I don’t like the term “smart city”. That may seem odd, since it’s the world I live in. But the term has become so diluted through misuse and overuse, that it’s lost any real traction. Few people really seem to know what it means any more. So, it might be helpful to review what we mean by a smart city. And that starts by asking – what does it take to be an intelligent and efficient organization?
I define the city organization as the departments and personnel, including administration, engaged in a city’s operations and the delivery of services to its citizens. In my view, that’s what must be in place for the city organization to effectively claim a smart city status. And to achieve it, there are a four key ‘must-haves’:
Leaders must clearly understand, define and publicly state the core mission of the city organization. There’s no room for ambiguity. Leadership must also get the buy-in to that core mission from everyone: departments, employees and residents. City leadership must have a clear vision and strategy for moving the city in a direction consistent with the mission. And that vision and strategy must guide every decision. Finally, leaders at all levels must work together to create an environment of value, engagement, ownership and accountability.
Processes in detail
Each department across the city organization must have well-defined and well-documented process maps for every step of each process they execute. That should include all the intersections and dependencies that exist across and between departments and functions. Knowing exactly what data, inventory, materials and operations are necessary for the process is also key. And no detail is unimportant. The process definition exercise must also offer the chance to eliminate waste and redundancies. That includes admin, data collection, unnecessary steps, spending and effort.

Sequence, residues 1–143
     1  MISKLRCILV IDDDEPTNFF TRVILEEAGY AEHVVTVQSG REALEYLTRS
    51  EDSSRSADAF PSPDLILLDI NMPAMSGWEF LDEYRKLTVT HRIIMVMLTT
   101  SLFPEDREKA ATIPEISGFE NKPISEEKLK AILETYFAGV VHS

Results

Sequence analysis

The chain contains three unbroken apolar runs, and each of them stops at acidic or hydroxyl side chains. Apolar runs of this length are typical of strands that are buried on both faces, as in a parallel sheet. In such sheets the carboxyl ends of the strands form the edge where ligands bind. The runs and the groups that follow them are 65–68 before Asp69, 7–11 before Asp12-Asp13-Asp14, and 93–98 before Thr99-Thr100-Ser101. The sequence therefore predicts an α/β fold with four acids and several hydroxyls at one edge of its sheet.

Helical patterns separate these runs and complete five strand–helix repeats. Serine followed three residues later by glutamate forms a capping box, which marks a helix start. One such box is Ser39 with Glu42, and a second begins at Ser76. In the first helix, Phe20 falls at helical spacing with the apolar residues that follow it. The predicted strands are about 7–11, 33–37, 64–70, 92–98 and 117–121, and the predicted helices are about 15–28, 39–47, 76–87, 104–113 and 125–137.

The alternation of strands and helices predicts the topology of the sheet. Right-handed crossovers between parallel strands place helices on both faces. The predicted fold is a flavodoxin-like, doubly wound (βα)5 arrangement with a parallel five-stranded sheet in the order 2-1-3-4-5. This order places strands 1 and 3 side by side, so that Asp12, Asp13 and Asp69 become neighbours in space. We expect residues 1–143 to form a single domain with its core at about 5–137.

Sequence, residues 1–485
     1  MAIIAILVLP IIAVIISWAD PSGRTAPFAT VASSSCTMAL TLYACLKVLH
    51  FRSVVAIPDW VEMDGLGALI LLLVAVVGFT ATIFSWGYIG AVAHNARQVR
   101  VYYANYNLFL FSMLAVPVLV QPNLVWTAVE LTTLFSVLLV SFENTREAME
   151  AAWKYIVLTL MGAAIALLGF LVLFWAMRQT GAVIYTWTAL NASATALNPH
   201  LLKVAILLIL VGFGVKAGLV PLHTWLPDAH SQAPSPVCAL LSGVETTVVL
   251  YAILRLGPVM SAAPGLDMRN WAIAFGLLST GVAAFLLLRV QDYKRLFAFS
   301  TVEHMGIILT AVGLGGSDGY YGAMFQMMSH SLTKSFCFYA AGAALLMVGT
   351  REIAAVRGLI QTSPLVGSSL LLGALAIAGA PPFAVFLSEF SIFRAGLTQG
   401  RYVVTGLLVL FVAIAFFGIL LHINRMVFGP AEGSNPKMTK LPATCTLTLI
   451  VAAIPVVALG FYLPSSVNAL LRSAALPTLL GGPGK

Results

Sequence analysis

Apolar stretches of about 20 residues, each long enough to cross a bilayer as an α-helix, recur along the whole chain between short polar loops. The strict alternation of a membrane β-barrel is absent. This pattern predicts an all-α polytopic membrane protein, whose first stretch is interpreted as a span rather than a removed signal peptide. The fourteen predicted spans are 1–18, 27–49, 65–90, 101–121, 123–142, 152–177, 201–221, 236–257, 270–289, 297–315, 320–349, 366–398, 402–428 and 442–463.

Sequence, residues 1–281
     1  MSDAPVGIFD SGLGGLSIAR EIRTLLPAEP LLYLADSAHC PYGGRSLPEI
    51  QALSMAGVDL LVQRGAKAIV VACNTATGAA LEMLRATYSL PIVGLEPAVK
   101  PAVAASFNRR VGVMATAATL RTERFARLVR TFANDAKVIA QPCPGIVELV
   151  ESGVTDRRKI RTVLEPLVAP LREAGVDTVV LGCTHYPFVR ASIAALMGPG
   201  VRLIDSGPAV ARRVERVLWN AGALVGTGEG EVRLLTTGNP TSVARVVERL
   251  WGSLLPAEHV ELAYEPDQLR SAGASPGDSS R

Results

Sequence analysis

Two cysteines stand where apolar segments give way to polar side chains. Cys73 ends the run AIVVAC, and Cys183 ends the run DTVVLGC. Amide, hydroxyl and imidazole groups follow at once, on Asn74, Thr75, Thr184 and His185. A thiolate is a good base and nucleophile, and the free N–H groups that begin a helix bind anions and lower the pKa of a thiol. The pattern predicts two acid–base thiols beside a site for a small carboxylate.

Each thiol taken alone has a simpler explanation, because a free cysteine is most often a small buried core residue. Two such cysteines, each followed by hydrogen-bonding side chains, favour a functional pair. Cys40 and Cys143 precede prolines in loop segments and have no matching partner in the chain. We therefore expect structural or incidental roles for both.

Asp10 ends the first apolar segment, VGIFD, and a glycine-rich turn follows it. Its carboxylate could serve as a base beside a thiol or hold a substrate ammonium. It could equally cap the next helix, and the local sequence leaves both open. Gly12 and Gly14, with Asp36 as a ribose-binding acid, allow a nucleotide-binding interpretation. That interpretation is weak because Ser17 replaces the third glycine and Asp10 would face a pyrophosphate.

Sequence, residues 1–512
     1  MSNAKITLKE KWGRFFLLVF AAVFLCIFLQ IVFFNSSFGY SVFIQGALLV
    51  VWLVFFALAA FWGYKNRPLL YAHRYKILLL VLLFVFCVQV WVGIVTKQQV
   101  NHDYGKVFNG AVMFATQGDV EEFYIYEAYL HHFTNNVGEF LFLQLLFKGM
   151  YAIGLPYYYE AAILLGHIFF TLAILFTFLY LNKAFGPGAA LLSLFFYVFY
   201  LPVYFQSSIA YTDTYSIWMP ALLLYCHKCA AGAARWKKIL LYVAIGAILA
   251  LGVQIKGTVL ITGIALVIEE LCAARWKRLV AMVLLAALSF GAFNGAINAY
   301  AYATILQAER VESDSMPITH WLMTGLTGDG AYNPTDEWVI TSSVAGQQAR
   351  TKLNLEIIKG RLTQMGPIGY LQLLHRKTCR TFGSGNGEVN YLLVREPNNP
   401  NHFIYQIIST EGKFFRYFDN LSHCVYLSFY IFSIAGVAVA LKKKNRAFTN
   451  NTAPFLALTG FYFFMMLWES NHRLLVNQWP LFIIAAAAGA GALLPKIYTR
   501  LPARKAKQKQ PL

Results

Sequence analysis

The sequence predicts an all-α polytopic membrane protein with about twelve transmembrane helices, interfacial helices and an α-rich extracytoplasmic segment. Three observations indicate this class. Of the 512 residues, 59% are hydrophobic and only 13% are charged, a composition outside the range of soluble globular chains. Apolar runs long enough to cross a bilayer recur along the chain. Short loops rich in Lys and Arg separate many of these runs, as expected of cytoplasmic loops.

Defining quality metrics up front is another ‘must do’. That means setting out the KPIs that can best track and report on performance to fully understand the organization at all levels. Those KPIs must show the quality and efficiency of operations, as well as the outcomes they deliver to citizens. So, measuring everything and anything that supports that goal is essential. It’s important, too, for cultivating a culture of value, engagement, ownership and accountability.
Data driven mindset
Another must have? A structure to analyze collected data and use the resulting insights to drive continuous improvement. Everyone must be willing to share the right data with the right people across the city organization at the right time. It’s imperative to avoid any data silos.
The focus of all this? Making sure that a city organization is completely driven by the need to deliver the most efficient delivery of services and to support the best possible quality of life for city residents and visitors.
So, having read through these are you a truly smart city?
Agree? Disagree? Do you think I’m being too stringent? Is this possible to put in place? Let’s have a conversation or leave me a comment. I’m happy to engage and show you how to make this happen. Visit our cities content hub for more.